RB: You must let the width of the car, not just the space between the car and the barrier.
    M:It really is fun
    RB:Michael must let go of Lewis, if you crash …
    M:He;ll take responsibility.Always blame him for everything, there will be no problem
    RB: We had several problems with Rubens last year.
    M:Schumi schumi schumischumi schumiiiiiiiiiii!!!!!
    RB:If you don;t make space ,i;ll tell people what happened in 1994
    M:Well i think my tyres are finished

    That is a conversation i found it;s really funny.I’m not sure if it’s real or not.Ifound it on a greek site and i translate it.Can anyone confirm that?

    1. I hate to sound dismissive, but that’s clearly not real. It’s not even vaguely realistic.

      It has been posted here before as well:


  10. Sorry Keith my mistake i was misleaded because of the reliability of the journalist.I thought also it was very good to be true.

  11. I really need to sit down and watch this race on TV. A couple of things are niggling me, this being one of them.

    1. perhaps a penalty for Shumacher would off killed off Alonso`s 3rd place….prod….niggle….prod ;-)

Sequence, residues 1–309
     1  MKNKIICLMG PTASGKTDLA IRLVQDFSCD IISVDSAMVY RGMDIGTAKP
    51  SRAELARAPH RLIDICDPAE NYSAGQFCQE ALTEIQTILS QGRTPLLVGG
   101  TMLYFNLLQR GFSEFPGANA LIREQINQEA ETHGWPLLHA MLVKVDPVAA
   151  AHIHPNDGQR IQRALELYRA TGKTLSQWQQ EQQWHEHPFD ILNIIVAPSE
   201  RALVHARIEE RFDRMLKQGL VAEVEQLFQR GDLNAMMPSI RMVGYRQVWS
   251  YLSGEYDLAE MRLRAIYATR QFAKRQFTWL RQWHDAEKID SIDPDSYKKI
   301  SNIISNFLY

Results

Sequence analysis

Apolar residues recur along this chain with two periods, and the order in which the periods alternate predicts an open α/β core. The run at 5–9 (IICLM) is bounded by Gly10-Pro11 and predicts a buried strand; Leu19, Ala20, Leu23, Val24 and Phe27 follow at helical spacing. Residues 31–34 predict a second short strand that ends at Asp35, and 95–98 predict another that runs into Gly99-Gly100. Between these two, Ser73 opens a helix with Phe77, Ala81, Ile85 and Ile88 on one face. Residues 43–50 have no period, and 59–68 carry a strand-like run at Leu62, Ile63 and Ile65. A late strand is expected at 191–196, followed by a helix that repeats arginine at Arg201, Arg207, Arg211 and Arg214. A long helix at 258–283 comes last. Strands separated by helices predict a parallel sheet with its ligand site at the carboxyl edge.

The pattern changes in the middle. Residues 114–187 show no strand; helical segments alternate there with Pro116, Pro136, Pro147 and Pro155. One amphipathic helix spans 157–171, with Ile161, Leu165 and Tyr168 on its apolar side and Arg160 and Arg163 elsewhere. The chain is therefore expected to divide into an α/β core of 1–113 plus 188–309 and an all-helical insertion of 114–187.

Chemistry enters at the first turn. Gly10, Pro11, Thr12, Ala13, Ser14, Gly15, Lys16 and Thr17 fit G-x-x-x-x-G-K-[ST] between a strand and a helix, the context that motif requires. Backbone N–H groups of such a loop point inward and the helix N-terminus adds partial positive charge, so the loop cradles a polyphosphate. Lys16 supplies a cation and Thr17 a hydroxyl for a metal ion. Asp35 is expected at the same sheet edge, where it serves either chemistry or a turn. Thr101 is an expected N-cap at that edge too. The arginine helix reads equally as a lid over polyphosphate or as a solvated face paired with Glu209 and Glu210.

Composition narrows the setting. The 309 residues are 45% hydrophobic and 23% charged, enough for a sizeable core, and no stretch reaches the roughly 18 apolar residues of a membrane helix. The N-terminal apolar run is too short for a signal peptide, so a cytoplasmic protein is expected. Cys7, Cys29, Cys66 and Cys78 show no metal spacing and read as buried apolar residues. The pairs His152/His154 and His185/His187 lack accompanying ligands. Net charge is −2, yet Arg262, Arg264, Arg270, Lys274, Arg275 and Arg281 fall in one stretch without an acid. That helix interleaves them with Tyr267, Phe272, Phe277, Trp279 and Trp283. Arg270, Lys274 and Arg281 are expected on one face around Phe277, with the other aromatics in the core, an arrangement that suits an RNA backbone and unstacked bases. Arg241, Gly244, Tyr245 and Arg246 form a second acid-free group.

12. my only take on this “incident” with Hamilton and Michael is: what the devil has f1 racing become. Given all the add-ons and DRS’s, Kers and the likes, now one must simply move over to let a car thru that is on the same lap as you are. Those moves are only for when you are about to be lapped.
    Being in front of any car gives you the right to the racing line and if in doing so you move wide to cut a turn, it’s your right. Hamilton at no stage was in a position to enforce an overtake and was merely getting frustrated at his own incapability of doing so. He should ask his team-mate to give him some pointers how to pass Michael with ease, on their off week-ends.

    1. Totally totally agree

  13. There was no penalty ‘coz he is black’ innit?


  14. The problem with the Daly comment is that he’s basing it on insufficient evidence from a steward’s point of view. As Martin Brundle said in his column on the race “When the stewards look at an incident, they have GPS trace overlays, car data, and many camera angles to carefully analyse a driver’s consistency of line and actions.”

    Perhaps the incident should have been looked at and Daly could rightfully say that it should have been referred to the stewards, or if he could say that had he seen it during the race, he would have recommended it be referred, but beyond that, without the totality of the process that stewards go through to determine if an incident deserves a penalty, then he’s just showing his own bias and suggests he has other motives for his comments. On the surface, his comments seem unprofessional (whether or not they appeal to a segment of fans).

  15. hamilton was complaining during the race but when asked after it, he said it was normal racing. So i think that’s the end of it.
    But a nobody like daly wants to be heard, because nobody cares about his opinions anymore.